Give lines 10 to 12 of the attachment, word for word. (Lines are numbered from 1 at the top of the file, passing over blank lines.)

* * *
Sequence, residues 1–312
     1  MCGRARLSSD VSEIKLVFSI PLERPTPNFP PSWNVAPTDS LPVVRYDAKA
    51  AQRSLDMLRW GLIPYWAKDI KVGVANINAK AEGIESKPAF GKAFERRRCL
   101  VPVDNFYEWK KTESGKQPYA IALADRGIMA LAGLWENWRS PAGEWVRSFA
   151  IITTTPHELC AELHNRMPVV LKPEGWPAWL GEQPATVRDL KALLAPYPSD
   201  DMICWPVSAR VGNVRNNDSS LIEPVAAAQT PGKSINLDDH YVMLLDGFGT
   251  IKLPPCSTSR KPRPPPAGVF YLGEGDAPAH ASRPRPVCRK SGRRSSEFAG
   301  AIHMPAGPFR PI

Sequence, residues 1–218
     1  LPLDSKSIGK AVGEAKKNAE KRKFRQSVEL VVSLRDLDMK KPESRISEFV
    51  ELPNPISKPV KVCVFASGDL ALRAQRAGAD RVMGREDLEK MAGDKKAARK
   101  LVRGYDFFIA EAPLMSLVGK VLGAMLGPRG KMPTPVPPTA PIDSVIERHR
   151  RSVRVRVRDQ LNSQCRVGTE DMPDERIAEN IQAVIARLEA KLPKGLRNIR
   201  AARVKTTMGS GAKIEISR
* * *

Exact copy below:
     1  LPLDSKSIGK AVGEAKKNAE KRKFRQSVEL VVSLRDLDMK KPESRISEFV
    51  ELPNPISKPV KVCVFASGDL ALRAQRAGAD RVMGREDLEK MAGDKKAARK
   101  LVRGYDFFIA EAPLMSLVGK VLGAMLGPRG KMPTPVPPTA PIDSVIERHR